hut by the river on his French estate. He and his family quarrelled with
the French King and came to England. One became steward to the Abbey of
St. Edmundsbury and the others married into the English aristocracy. The
only written record is the tale of a Monk, John de Trokelowe.
The tale is amongst the 1401 St. Albans papers at Cambridge. It in itself
is undated but this is a monk's tale and could have been written more
than a hundred years later when only the event was remembered, the name
of the Lord forgotten and the then owner recorded.
Winifred Beaumont, Wormingford Historian
refers to a `fighting dragon` in and around Bures.
It was said the dragon was brought to Bures by a Crusader returning from
the Holy Land, Many people went from Bures on the Crusades. It was not
a very well behaved dragon, indeed it was very nasty piece of work.
It terrorised the villagers and eventually dived into the river and swam
downstream towards Wormingford, never to be seen again.
is a Crocodile Legend in Lusignon, France. The Lusignon Family collected
strange beasts and Guy de Lusignon, who was with Richard I on the Third
Crusade, is said to have kept a 'woman changed into a crocodile in a hut
on the river bank.' Guy quarrelled with the French King and his family
fled to England. One became steward to the Abbey of St. Edmundsbury and
the others married into the English Nobility
Reference 5:- Bill Cooper
published a book called "After the Flood" where he gives
several accounts of giant reptiles seen in the UK.
However, these are reprints of previously documented sightings
The giant reptile at
Bures in Suffolk, for example, is known to us from a chronicle of
'Close to the town of Bures, near Sudbury, there has lately appeared,
to the great hurt of the countryside, a dragon, vast in body, with
a crested head, teeth like a saw, and a tail extending to an enormous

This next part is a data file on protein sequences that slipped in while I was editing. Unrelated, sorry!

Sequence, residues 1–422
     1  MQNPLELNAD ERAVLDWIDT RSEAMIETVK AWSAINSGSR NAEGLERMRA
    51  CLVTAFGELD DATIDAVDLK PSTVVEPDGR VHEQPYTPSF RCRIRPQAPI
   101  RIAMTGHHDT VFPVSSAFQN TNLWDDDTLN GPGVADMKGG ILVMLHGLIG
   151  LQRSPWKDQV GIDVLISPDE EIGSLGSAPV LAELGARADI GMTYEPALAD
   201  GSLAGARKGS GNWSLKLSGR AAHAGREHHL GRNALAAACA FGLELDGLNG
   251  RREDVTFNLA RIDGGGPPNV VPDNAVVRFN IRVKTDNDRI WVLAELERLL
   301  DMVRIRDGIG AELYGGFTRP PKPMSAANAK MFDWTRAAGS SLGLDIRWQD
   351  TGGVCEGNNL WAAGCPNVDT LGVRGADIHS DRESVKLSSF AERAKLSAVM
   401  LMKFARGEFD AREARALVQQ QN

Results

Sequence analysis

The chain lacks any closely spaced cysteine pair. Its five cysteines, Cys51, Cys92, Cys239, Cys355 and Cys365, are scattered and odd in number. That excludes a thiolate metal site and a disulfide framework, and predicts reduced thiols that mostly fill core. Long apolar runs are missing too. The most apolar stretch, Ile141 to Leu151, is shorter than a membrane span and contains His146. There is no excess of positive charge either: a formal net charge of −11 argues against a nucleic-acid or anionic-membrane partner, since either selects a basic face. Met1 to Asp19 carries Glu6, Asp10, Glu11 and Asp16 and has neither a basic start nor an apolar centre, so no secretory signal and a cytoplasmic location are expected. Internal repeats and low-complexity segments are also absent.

length. Having slaughtered the shepherd of a flock, it devoured
After an unsuccessful attempt by local archers to kill the beast,
due to its impenetrable
'...in order to destroy him, all the country people around were
But when the dragon saw that he was again to be assailed with arrows,
he fled into a marsh or mere and there hid himself among the long
reeds, and was no more seen.'
Later in the 15th century, according to a contemporary chronicle
that still survives in
Canterbury Cathedral's library, the following incident was reported.
On the afternoon of
Friday, 26th September, 1449, two giant reptiles were seen fighting
on the banks of the
River Stour (near the village of Little Cornard) which marked the
English county borders
of Suffolk and Essex. One was black, and the other 'reddish and
spotted'. After an hour-
long struggle that took place 'to the admiration of many [of the
locals] beholding them',
the black monster yielded and returned to its lair, the scene of
the conflict being known
ever since as Sharpfight Meadow.
15th Century tale
However, there is also a
more mythical origin for the names of these places. There is supposed
to be a 'warden's small leather-bound book' to be found in the Library
of the Dean and Chapter at Canterbury, which contains the following
"Memorandum that on
Friday the 26th of September in the year of our Lord 1449, about the